“That doesn’t mean anything,” Naomi said. “When I was pregnant with you, I had to take three tests before I was sure enough to go see a doctor about it.
That wasn’t the message of reassurance that Yvette was hoping to hear. Naomi was too caught up in her own remembering to be aware of the anxiety at the table. But reflecting on the girl that she was, and all the things she went through, Naomi looked across the table and saw the innocence in Yvettte’s eyes. She thought she would take advatnage of the silence to give some advice.
“Yvette, baby, you are a perfect example of how good and perfect things can come of this, but you need to promise me that if it turns out that you aren’t pregnant you will be more careful with boys, okay?”
When Donna Greene pulled into the parking lot, Yvette turned back to Naomi.
“What do I tell her?” she asked.
“Just wait until you get the results. If it’s negative, you don’t need to tell her anything. If it’s positive, you just tell her what happened, and she’ll understand.
“Okay, I can do that.”
Glancing over at Yvette’s purse, Naomi noticed that the box with the pregnancy test in it was resting right on top, so that Donna would easily be ble to see it when she got to the table. When the door opened, and Yvette looked to see her mother come in, Naomi quickly took the box and slipped it into her own purse.
“Did you ladies have fun?” Mrs. Greene asked when she got to the table.
“We always do,” Naomi said. “Thanks for making this work.”
“Ready to go sweetie?”
“Yup,” Yvette said, giving Naomi a quick nervous smile.
Naomi waited until they drove off before she opened her purse to check the results.
It wasn’t until the evening when Yvette realized the test was no longer in her purse. From the time her mom picked her up until she returned to her room after supper to do homework there had always been on of her parents around. Ever since the incident, her parents had trouble trusting Naomi. Normally Yvette was careful not to say anything to get Naomi in trouble, but this time she was extra careful to not reveal her own secret. Her parents were a little suspicious because of Yvette’s evasiveness, but not wanting to push the issue, they dropped the subject and let her get on with her evenings routine.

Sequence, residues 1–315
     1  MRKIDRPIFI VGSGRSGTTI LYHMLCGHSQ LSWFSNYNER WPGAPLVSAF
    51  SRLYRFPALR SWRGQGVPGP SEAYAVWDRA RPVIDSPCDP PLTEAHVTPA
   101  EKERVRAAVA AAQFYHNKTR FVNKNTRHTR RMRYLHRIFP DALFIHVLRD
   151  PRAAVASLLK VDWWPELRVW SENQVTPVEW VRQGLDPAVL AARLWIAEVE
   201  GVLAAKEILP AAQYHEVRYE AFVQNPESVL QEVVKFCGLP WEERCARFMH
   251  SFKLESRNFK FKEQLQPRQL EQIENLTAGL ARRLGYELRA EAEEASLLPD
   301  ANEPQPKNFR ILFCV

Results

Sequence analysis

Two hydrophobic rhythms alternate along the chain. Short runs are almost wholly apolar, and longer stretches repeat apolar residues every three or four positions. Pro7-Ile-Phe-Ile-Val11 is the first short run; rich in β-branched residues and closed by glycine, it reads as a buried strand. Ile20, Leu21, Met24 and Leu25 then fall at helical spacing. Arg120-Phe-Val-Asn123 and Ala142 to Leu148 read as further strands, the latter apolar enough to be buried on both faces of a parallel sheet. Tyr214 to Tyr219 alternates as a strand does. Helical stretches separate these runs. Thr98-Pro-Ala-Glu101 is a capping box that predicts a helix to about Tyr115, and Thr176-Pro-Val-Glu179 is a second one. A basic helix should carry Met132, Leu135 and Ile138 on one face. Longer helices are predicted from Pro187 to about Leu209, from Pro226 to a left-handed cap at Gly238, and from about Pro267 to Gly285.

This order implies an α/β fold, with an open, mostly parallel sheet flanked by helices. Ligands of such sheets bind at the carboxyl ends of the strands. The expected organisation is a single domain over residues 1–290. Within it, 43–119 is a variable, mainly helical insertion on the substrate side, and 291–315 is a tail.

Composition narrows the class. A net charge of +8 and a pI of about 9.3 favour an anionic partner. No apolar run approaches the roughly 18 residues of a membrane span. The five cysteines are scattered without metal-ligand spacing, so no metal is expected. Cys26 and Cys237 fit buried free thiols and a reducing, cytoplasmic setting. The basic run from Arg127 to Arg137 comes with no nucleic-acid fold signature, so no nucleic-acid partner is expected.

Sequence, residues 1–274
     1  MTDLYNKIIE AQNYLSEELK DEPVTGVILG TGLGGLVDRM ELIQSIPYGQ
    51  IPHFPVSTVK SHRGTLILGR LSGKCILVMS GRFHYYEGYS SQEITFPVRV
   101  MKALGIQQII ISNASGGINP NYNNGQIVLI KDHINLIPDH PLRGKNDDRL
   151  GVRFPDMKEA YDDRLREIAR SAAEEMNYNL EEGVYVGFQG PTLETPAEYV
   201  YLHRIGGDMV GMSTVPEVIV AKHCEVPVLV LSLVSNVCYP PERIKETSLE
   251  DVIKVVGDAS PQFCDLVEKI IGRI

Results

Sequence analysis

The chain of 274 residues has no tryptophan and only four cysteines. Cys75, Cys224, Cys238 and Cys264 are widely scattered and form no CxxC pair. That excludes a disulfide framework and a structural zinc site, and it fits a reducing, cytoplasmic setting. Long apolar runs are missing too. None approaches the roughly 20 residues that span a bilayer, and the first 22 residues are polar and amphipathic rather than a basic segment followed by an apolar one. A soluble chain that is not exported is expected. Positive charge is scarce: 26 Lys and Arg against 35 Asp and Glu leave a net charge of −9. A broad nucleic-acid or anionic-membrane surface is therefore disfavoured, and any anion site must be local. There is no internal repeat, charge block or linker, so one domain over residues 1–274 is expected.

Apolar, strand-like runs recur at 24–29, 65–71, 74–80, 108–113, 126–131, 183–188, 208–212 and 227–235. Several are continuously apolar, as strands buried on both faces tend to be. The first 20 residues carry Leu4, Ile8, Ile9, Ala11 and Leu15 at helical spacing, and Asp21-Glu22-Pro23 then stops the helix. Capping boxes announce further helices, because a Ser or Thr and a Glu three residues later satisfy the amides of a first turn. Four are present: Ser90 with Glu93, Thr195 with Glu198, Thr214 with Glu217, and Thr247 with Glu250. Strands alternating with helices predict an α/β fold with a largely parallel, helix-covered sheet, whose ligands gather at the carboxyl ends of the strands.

Yvette put her books out in front of her, mostly so that she would have something else to say that she was doing if her parents came into the room. When she opened her purse and saw that it was empty, she started to panic. She checked her pockets and even went out to the car to see if she had left it in there.
When she had given up looking for it, she took out her cell phone. The Greenes had set out strict rules about Naomi having no contact with Yvette outside of their scheduled visits, but during their previous meetup they had added each other’s cell numbers into their address books, but under different names. It took a few seconds for Yvette to remember the secret name Naomi had used, but she did find it and then started typing up the message.
“Help,” she wrote, “I can’t find my test.”
“Yeah, your purse was open. I took it so your mom wouldn’t see it.”
“Okay, what was the result?”
It felt like an eternity before Naomi responded, and her coded response still made it clear what the result was.
“You’re going to need to take another test.”
Yvette started to cry, then wrote, “Okay, I guess I’ll go buy another one.”
“No! If you buy one, they’ll find out. I’ll bring one to you after school this week sometime or something.”
Yvette wanted to know who Naomi thought would find out, and how, but she was somewhat relieved to have someone else taking care of it.
“OK,” she wrote back.